All toxicities were documented according to CTCv3 criteria,31 and patients were evaluated for potential DLT weekly during treatment and 4 weeks after the completion of treatment. Pertinent history, physical examinations, and hematology and chemistry studies were completed weekly during treatment and 1 month after the completion of treatment. MRI studies or computed tomography scans were completed approximately 1 month after study completion and at regular follow-up appointments thereafter, depending on the diagnosis, to assess early response. Formal neurocognitive functional assessments were not performed. Early imaging response was assessed using the criteria described by Macdonald et al.37

Patients, Urine Collection, and Processing

Urine was collected from all study patients at baseline, at the completion of RT, and 1-month post-treatment. Urine was stored at −20°C before evaluation and then centrifuged at 3000 revolutions per minute for 10 minutes at 4°C. The supernatant was used for subsequent assays. Urinary creatinine levels were obtained on the Bayer DCA 2000+ Analyzer (Bayer HealthCare, Elkhart, Ind) according to the manufacturer's protocol. All samples were normalized by creatinine level. Urine samples were assayed for VEGF, the met proto-oncogene (MET), matrix metalloproteinase-1 (MMP-2), and MMP-9. These biomarkers were chosen for analysis, because previously published data suggested an association between these biomarkers and brain tumors.38, 39

Electrochemiluminescence Immunoassays

MET, MMP-2, MMP-9, and VEGF were measured in urine specimens using an electrochemiluminescence immunoassay (Meso Scale Discovery, Gaithersburg, Md). All samples were thawed at room temperature for 4 hours before evaluation. MMP-2, MMP-9, and VEGF assays were performed according to the manufacturer's protocol. MET levels were detected according to a previously published protocol.40

Statistical Methods

To assess clinical efficacy, the neurologic progression-free survival (PFS) and overall survival (OS) rates were calculated from the time of enrollment using the Kaplan-Meier method.41 Median urinary VEGF levels over time were compared using the Friedman chi-square test based on ranks. Median levels of VEGF fold-change were compared based on the development of hematologic toxicity using the exact Wilcoxon rank-sum test. All statistical tests were 2-sided, and P values ≤ .05 were considered significant.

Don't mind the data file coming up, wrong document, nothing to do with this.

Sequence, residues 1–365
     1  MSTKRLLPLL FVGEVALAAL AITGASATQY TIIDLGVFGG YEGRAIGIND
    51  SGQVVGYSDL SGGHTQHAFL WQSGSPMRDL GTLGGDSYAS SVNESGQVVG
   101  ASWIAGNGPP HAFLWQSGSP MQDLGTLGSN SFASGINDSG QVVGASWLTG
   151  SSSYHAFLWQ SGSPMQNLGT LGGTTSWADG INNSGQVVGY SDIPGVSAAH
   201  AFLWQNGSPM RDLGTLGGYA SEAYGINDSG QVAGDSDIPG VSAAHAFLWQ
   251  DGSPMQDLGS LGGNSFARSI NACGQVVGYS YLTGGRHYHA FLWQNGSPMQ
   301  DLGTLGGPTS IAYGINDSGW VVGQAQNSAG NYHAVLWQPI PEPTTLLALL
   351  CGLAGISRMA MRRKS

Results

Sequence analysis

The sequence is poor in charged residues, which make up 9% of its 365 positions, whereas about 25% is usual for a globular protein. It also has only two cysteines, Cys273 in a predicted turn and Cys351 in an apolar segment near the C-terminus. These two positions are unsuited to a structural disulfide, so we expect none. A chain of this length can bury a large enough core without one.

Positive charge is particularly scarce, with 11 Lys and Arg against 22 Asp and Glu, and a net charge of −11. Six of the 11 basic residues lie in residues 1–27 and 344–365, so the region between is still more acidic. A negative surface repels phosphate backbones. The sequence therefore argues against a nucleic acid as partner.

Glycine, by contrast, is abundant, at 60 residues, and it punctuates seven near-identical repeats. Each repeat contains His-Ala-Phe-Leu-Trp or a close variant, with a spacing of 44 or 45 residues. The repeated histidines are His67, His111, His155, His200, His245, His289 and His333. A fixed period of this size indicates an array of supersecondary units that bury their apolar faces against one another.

Patient Characteristics and Treatment

Fifteen patients were accrued between April 16, 2007 and January 7, 2008. Table 1 displays patient characteristics and total RT dose and fraction size. Two patients had received previously RT to the brain. The median total dose was 37.5 Gy (range, 14-70 Gy), including 5 patients who received >50 Gy. The median dose per fraction was 2.5 Gy (range, 1.8-3.5 Gy). Thirteen patients completed the prescribed treatment. One patient died during treatment, and another patient chose to discontinue sunitinib secondary to decreased blood counts, vomiting, and fatigue. Seven patients (47%) chose to continue daily sunitinib for 30 days after the completion of RT.

Table 1. Patient and Treatment Characteristics
 No. of Patients
CharacteristicAll PatientsMetastatic DiseasePrimary Tumor
  1. Abbreviations: CNS, central nervous system; Gy, grays; HNSCC, head and neck squamous cell carcinoma; NSCLC, nonsmall cell lung cancer; RT, radiotherapy; WHO, World Health Organization.

No. of patients15123
 Adenoid cystic220
 Anaplastic meningioma101
 CNS sarcoma101
 WHO grade II astrocytoma101
Prior RT220
Median age (range), y58.7 (31-77)54.4 (37-77)50.7 (31-76)
Age, y   
 African American330
 Asian American202
WHO performance status   
RT target   
 Whole brain990
 Partial brain633
Median RT dose (range), Gy37.5 (14-70)37.5 (14-59.4)60.0 (50.4-70)
RT dose per fraction, Gy   
Total RT dose, Gy